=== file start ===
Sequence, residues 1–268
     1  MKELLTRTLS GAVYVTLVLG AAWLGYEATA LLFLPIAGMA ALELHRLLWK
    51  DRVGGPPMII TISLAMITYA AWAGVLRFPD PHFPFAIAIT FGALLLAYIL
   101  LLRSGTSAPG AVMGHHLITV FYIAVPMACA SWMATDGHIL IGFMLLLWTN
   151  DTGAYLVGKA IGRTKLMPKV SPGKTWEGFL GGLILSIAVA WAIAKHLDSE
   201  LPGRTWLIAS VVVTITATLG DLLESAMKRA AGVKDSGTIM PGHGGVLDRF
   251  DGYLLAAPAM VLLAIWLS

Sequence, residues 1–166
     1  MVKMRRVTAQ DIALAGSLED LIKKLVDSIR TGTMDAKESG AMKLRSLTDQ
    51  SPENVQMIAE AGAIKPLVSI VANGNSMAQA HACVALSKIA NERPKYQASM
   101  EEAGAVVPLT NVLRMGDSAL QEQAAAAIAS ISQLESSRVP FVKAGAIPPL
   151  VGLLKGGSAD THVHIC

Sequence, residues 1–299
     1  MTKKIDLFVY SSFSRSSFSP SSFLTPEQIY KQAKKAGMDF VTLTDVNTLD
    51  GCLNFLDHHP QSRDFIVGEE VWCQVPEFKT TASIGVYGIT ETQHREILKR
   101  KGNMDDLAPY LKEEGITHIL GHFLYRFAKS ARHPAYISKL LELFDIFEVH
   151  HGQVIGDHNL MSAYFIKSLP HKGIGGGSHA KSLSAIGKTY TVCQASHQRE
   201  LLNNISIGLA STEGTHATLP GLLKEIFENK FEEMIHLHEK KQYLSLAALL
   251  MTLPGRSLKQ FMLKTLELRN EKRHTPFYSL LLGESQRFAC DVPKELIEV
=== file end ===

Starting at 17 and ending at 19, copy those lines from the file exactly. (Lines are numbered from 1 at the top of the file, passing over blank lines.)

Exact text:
   151  HGQVIGDHNL MSAYFIKSLP HKGIGGGSHA KSLSAIGKTY TVCQASHQRE
   201  LLNNISIGLA STEGTHATLP GLLKEIFENK FEEMIHLHEK KQYLSLAALL
   251  MTLPGRSLKQ FMLKTLELRN EKRHTPFYSL LLGESQRFAC DVPKELIEV